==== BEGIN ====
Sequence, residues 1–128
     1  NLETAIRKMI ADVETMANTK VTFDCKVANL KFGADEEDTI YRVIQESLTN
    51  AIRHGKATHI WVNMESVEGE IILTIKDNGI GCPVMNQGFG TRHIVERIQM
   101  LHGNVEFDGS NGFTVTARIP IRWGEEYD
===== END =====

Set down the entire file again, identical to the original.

Sequence, residues 1–128
     1  NLETAIRKMI ADVETMANTK VTFDCKVANL KFGADEEDTI YRVIQESLTN
    51  AIRHGKATHI WVNMESVEGE IILTIKDNGI GCPVMNQGFG TRHIVERIQM
   101  LHGNVEFDGS NGFTVTARIP IRWGEEYD